Hurricane Ida: Food stores struggle to remain stocked amid shortages

Louisiana gas shortage after Hurricane Ida could last ‘several weeks’: GasBuddy analyst

GasBuddy head of petroleum analysis Patrick De Haan weighs in on Hurricane Ida’s impact on oil prices. 

Businesses across Mississippi and Louisiana have struggled to keep up with demands for food and water in the aftermath of the deadly Hurricane Ida passed through the state this week. 

The Rouse’s Market in Diamondhead can’t replace stock fast enough as residents try to restock their homes following severe flood damage and continued power outages. 

"We’ve been very busy since Friday morning with the influx of people coming from Louisiana," Chuck Clark, the manager of Rouse’s, told WLOX. "A lot of people are looking for eggs, bread, hot food and produce. It’s just all of the basic stuff."

IDA REMNANTS CAUSE AMTRAK TO CANCEL SERVICE BETWEEN WASHINGTON AND BOSTON

"The Diamondhead community is awesome and always wants to help," he added. "We have many people here wanting the buy pallets of water to send over there, but I just don’t have the water here." 

The lack of delivery at expected times due to obstructed roads and lack of available drivers has exacerbated the problem. Officials closed the Mississippi River to barge traffic ahead of the storm, and the New Orleans International Airport shut down cargo traffic on Aug. 29, Quartz reported.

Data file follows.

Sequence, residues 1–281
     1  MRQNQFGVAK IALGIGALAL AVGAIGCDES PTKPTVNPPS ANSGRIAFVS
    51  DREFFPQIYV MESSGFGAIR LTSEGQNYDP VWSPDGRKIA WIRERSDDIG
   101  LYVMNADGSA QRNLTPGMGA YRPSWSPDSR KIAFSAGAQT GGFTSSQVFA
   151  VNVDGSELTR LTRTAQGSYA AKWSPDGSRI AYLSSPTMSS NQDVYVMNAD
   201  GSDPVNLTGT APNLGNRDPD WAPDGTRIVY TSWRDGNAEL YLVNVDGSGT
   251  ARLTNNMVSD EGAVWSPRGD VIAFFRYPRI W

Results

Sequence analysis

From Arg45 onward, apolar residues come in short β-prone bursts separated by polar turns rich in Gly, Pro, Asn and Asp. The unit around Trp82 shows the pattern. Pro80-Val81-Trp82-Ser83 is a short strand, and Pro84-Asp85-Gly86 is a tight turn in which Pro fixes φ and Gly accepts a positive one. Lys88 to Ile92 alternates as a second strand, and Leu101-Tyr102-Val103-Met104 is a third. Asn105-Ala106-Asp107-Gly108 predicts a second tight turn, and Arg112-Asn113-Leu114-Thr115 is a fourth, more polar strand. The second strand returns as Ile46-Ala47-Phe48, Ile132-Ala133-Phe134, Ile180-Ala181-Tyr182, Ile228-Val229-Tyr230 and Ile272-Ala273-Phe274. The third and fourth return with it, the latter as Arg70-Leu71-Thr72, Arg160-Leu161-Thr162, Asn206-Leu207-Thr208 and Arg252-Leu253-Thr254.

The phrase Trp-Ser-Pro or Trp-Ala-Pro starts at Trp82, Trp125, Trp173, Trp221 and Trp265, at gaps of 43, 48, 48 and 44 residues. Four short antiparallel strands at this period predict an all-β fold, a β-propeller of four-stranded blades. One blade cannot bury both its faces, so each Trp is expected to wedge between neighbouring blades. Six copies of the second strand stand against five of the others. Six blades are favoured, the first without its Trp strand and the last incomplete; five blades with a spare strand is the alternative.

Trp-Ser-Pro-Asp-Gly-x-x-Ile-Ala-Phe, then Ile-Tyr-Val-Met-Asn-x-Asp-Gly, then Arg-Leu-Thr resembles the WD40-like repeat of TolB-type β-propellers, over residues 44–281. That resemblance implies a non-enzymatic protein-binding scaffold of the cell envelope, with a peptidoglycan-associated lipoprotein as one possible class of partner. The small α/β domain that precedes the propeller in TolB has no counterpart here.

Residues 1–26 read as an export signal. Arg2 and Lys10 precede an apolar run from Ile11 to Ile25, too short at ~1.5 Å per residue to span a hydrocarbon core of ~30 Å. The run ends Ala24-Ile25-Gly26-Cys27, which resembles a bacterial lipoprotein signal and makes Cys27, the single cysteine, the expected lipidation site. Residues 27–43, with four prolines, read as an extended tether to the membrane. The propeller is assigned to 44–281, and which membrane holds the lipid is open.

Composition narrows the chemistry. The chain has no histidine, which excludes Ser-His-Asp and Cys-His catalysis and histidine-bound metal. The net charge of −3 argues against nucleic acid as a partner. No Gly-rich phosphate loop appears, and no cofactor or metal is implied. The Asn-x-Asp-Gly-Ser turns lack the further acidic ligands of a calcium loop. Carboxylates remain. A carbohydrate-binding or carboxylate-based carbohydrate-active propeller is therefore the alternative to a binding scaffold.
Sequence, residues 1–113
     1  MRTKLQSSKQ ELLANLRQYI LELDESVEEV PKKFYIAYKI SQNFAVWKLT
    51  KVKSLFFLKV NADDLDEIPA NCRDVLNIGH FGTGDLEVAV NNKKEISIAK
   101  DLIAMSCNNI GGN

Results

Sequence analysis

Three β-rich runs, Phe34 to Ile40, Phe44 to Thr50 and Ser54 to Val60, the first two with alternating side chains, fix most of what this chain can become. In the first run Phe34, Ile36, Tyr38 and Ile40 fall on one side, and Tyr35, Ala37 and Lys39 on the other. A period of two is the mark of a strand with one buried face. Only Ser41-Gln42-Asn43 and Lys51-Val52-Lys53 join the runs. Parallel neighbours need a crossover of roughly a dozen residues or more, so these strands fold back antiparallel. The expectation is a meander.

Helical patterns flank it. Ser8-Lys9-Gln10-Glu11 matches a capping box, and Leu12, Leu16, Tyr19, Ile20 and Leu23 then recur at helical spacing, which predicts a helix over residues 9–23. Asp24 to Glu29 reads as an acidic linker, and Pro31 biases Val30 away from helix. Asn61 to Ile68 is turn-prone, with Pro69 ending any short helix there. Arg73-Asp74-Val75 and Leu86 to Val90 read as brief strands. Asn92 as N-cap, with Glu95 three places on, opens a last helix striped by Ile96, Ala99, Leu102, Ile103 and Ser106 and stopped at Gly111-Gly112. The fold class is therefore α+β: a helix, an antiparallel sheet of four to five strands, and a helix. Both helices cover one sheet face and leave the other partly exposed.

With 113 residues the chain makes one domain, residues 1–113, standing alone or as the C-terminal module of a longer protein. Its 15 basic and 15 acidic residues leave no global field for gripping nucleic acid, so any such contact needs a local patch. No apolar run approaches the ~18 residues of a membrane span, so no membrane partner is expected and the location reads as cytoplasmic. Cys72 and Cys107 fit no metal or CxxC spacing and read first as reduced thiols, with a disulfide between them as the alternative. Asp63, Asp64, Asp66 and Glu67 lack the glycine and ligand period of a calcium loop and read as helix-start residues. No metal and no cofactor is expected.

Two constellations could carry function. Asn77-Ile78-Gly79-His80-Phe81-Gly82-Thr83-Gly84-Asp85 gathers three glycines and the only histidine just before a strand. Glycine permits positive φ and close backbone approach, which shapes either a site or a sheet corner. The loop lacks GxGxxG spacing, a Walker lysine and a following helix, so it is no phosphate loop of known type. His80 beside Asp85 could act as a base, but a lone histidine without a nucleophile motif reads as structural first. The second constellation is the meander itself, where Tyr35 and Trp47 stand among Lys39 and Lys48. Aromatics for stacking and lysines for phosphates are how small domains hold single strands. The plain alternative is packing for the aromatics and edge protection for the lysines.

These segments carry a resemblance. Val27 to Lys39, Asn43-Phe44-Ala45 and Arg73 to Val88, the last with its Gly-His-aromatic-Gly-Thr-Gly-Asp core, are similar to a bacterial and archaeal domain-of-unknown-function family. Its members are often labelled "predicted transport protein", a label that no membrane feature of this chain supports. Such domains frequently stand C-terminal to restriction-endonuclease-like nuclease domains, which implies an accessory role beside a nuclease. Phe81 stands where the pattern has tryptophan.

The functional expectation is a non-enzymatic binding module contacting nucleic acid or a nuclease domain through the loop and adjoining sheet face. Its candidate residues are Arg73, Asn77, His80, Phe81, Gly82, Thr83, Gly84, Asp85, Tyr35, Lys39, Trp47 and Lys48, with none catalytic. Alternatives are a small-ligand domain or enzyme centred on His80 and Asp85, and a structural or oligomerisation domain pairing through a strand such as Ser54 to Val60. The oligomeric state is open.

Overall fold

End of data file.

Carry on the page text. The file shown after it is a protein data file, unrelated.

HURRICANE IDA DESTRUCTION COULD LIFT INFRASTRUCTURE BILL HOPES

In combination, it means that no supplies are moving towards people who desperately need it. Without power, food that residents have in fridges and freezers has also started to spoil.

Vessel operations at the Port of New Orleans remained closed until Sept. 1, when the captain of the port set conditions to "normal," but cargo operations will not resume until Sept. 6, according to statements on the Port NOLA website.  

GAS PRICES STEADY AS IDA MOVES TOWARD CAPE COD

More than 1 million residents in Louisiana still do not have power, and officials warn that the power may not return for weeks, the BBC reported. 

"The systems we depended on to save lives and protect our city did just that and we are grateful, but there is so much more work to be done," New Orleans Mayor LaToya Cantrell said Monday.

GET FOX BUSINESS ON THE GO BY CLICKING HERE

Cantrell urged residents who have already evacuated to stay away until power and communications have been restored. 

Source: Read Full Article